Don’t talk too much about Brexit. Therefore, it is easy to forget the beginning of the harmful trend of lies and denials in politics. They actually go against Johnson’s prime ministership, to vote in 2016, and go to the nefarious lies told through the Leave campaign – the H 350 million dividend to the NHS, the fiery claim that Turkey is a member of the EU. Was about to get
Today, on Bridget’s sixth birthday, it is worth remembering how the victory of the Falsehood Campaign in 2016 damaged British politics. This has forced the in-charges to refuse permanently. They should (still) be advocating for a plan that they know cannot deliver on its promises.
To oppose it means to be fired from any top job in politics – even those who are in opposition. To be a champion is to either tell a blatant lie or turn a blind eye to the basic truths, as if you were a fool. Remember Dominic Raab in 2018 that he “did not understand at all” the importance of the Dover Calais crossing in Britain. The goods trade, or Karen Bradley, then secretary of Northern Ireland, told a journalist that she did not know that nationalists did not vote for the Unionist parties.
Even the rude Theresa May limited herself to chanting crazy slogans to cover up the difference between her claims and reality. Only shameless liars can survive in such an environment. Lying is not for everyone. And when he leaves, it will not end.
The state of denial has spread from Westminster to the rest of the country. We will not think of Brexit. The effects of the Cove 19 and the war in Ukraine have been somewhat obscured – Johnson insists it is too early to say why – but economists are now beginning to confuse the three.
A report published this week by the Resolution Foundation and the LSE found that a large portion of the cost of living is borne by Bridget. The average worker faces a loss of over £ 470 a year until 2030, compared to what Rayman would have won. He found that Brexit was also hurting productivity: an important measure of economic output and a long-standing problem in the UK.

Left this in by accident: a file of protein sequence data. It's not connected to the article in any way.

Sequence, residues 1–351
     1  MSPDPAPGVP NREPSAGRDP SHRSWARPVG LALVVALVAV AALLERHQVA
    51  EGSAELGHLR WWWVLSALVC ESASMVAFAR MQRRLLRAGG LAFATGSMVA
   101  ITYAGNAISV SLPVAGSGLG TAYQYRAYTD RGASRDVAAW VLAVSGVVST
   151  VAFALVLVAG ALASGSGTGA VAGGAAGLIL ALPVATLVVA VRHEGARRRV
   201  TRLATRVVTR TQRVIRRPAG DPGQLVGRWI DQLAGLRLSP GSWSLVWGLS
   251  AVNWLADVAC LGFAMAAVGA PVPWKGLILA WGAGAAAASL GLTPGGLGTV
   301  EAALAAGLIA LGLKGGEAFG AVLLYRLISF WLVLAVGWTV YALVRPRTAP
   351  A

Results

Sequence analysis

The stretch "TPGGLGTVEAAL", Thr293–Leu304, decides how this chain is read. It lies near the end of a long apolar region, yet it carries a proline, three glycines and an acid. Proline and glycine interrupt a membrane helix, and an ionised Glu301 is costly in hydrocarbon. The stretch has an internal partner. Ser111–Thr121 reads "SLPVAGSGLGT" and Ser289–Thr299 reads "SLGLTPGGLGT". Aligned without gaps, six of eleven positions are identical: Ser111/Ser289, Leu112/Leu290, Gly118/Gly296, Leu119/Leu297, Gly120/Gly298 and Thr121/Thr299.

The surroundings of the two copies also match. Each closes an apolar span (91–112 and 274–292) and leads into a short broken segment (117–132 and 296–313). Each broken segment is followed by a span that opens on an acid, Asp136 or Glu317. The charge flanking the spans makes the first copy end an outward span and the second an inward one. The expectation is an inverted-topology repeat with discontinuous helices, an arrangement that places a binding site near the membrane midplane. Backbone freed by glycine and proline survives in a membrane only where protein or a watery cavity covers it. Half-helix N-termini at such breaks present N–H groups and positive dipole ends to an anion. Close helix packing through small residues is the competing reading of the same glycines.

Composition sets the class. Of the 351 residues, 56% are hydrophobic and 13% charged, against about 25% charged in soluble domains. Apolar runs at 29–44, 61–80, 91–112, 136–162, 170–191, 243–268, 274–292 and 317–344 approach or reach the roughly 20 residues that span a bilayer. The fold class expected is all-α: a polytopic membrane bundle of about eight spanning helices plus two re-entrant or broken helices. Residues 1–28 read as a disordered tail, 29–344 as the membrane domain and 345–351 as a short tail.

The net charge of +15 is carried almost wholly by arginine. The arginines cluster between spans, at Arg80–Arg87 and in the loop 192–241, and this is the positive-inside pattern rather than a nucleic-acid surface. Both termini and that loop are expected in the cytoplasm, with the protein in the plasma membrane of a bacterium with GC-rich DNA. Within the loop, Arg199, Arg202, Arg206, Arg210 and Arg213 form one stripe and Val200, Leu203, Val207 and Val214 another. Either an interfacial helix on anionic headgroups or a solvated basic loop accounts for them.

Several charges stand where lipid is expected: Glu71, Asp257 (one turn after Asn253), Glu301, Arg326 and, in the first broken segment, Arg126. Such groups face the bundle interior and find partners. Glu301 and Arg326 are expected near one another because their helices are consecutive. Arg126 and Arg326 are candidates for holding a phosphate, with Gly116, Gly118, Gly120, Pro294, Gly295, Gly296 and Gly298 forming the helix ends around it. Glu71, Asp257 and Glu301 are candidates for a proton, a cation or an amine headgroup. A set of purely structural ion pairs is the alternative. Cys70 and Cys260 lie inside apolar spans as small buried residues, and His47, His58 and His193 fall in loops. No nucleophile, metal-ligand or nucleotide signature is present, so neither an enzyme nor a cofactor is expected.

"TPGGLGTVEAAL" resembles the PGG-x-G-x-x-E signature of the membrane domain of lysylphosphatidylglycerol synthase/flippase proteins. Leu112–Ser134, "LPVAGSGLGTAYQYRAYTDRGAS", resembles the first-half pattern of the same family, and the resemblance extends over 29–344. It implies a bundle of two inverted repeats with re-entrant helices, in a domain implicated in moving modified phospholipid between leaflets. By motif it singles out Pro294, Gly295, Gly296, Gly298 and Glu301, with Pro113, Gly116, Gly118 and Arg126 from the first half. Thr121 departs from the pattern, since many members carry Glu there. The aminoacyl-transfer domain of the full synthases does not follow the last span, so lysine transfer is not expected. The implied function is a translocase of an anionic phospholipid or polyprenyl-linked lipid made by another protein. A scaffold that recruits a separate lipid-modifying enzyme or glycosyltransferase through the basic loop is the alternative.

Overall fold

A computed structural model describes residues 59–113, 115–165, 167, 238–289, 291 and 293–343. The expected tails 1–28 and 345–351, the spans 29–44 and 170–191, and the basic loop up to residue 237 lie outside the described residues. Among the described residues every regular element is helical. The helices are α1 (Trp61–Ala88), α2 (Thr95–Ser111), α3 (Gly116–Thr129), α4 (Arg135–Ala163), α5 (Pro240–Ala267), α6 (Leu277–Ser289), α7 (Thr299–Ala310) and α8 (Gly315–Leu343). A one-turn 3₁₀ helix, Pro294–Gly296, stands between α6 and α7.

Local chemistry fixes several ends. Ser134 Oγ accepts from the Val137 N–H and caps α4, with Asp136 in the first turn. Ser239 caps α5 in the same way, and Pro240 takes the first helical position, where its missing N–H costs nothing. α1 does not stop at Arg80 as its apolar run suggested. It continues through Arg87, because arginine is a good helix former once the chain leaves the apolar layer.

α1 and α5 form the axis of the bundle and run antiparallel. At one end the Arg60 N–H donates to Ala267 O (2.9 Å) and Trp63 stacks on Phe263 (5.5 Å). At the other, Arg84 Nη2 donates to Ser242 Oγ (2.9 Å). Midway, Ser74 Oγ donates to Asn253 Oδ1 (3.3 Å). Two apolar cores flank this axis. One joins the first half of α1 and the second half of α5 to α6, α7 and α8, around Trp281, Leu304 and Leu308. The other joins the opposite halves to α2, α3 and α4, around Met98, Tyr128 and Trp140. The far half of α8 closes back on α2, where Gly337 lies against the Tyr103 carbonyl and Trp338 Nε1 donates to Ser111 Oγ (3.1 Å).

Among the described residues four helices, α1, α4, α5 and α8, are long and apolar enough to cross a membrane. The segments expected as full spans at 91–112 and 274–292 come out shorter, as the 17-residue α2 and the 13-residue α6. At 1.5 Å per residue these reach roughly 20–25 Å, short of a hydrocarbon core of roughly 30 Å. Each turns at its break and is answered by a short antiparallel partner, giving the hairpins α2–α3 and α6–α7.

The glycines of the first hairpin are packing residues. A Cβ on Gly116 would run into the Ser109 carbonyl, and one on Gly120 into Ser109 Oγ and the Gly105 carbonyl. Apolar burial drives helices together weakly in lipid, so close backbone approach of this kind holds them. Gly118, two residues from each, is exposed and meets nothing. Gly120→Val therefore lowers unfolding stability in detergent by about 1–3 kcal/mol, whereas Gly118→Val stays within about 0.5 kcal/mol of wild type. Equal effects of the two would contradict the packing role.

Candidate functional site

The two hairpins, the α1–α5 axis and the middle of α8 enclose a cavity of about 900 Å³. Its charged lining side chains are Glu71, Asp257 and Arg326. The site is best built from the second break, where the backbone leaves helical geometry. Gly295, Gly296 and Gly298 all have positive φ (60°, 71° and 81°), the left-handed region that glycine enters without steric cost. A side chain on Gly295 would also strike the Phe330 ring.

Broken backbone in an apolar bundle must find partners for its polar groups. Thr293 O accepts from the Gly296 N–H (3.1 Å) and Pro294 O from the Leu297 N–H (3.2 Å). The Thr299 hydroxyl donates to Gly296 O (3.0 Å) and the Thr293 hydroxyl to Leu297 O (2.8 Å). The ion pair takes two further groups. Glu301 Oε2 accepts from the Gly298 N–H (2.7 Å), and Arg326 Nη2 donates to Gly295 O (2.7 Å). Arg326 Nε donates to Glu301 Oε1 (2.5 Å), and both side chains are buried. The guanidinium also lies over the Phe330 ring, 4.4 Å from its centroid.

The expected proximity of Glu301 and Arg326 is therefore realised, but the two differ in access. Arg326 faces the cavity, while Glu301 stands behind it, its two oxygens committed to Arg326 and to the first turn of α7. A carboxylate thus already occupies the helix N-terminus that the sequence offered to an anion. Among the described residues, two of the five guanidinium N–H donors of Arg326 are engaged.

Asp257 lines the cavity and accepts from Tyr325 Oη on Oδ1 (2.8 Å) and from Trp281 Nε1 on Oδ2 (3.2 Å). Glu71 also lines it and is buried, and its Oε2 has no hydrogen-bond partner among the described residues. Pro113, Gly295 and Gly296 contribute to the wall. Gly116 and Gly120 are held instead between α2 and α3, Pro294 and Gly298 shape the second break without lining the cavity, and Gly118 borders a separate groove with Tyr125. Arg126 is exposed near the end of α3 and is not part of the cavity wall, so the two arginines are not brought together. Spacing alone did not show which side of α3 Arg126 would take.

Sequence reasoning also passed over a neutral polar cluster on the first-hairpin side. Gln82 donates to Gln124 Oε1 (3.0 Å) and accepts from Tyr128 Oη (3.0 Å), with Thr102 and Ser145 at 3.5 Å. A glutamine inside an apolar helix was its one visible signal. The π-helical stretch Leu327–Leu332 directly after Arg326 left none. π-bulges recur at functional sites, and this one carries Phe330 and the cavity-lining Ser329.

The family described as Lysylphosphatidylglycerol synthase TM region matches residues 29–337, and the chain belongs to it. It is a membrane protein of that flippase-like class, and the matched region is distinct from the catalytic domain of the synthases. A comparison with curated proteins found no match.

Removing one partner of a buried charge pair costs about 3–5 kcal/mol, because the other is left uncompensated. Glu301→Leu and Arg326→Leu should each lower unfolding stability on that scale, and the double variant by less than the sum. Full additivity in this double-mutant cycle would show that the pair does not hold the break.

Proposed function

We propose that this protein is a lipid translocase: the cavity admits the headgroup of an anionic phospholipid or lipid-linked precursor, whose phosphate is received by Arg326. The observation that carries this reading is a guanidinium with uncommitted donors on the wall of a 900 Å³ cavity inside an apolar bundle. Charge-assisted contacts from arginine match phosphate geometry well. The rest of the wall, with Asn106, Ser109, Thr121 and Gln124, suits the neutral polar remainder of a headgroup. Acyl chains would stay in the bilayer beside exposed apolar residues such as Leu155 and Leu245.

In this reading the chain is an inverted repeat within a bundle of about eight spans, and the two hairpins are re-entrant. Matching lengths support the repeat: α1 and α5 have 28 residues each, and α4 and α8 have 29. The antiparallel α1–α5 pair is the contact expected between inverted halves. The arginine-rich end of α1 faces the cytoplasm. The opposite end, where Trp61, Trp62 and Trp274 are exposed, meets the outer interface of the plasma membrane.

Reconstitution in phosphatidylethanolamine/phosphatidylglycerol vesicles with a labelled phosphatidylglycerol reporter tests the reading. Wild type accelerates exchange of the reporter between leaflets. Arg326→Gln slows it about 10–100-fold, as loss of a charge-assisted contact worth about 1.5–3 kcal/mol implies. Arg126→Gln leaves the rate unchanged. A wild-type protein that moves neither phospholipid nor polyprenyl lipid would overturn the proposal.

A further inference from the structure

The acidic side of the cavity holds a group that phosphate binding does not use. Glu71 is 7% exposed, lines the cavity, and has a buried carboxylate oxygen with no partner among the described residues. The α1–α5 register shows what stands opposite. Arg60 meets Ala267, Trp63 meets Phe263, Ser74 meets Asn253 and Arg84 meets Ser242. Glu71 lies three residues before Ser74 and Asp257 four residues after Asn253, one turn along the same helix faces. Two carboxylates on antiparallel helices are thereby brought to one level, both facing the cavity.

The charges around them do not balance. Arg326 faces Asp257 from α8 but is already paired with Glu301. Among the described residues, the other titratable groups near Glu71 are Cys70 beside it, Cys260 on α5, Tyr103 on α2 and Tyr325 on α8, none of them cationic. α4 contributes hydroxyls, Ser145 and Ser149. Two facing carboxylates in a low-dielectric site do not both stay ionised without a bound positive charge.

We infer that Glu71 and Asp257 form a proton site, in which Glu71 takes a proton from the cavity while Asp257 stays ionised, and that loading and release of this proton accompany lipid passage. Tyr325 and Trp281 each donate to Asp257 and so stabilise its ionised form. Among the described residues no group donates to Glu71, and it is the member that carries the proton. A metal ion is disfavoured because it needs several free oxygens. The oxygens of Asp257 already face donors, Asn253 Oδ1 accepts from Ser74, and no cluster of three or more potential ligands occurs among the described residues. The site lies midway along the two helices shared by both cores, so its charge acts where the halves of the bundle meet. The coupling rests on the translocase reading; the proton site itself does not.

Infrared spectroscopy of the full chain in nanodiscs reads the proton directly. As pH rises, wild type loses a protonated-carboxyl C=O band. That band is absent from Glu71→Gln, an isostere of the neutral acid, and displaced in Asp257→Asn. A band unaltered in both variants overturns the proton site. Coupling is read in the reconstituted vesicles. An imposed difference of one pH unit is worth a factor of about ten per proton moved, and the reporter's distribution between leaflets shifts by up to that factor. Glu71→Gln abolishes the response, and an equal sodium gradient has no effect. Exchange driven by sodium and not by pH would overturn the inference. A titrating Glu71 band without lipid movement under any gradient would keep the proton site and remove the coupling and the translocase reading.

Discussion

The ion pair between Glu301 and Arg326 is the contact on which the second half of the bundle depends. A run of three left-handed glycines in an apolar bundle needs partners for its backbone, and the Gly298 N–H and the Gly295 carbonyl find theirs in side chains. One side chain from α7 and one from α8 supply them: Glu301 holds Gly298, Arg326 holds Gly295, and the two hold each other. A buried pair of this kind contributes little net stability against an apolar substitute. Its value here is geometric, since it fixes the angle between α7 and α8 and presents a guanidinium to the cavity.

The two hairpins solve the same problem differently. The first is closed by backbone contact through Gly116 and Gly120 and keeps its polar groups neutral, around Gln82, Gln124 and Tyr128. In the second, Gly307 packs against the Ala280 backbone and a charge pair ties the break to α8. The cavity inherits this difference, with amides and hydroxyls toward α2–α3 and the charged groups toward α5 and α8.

Ministers say workers’ pay rises are only sustainable if they are supported by productive gains. Nevertheless, the report estimates that production capacity will decline by 1.3% by 2030 – equivalent to losing a quarter of the last decade’s performance gains. That salary may increase to some extent. Will Brexit help boost the economy, as the government claims? Not according to this report, according to which leaving the European Union will cause the most damage to the North East of England.
The report is mixed with other results. Business investment has plummeted since Brexit and has not recovered – the UK lags far behind other industrialized nations, despite generous tax breaks in an effort by Rishi Sink to boost it. Other G7 countries have lagged behind in terms of trade since the outbreak. Britain is left behind.
Will reality ever come home? At Bridget, politicians are divided into two groups. There are arrogant people like Jacob Reese Mogg who still hold on to the lie that Bridget will benefit Britain. Then there are those who turn a blind eye and avoid eye contact, a category that mostly includes the government and the opposition.
(When business secretary Quasi Quarting was asked last week to list the benefits of Brexit, he shrugged off the economy and suggested that it help the UK respond more quickly to the situation in Ukraine.)
But we need someone to tell us the truth about Brexit. As Brexiteer Iain Martin recently wrote in the Times, obviously the only way to solve the problems that come with it is to solve them. I will add another reason: to make politics more real.
It’s reassuring to know that Johnson is the source of the lie and the cure is to get rid of it. But as any fisherman will tell you, the fish do not swallow from the head but from the intestines. Lies are at the heart of British politics. Speaking the truth about Brexit is the only way to make politics honest again.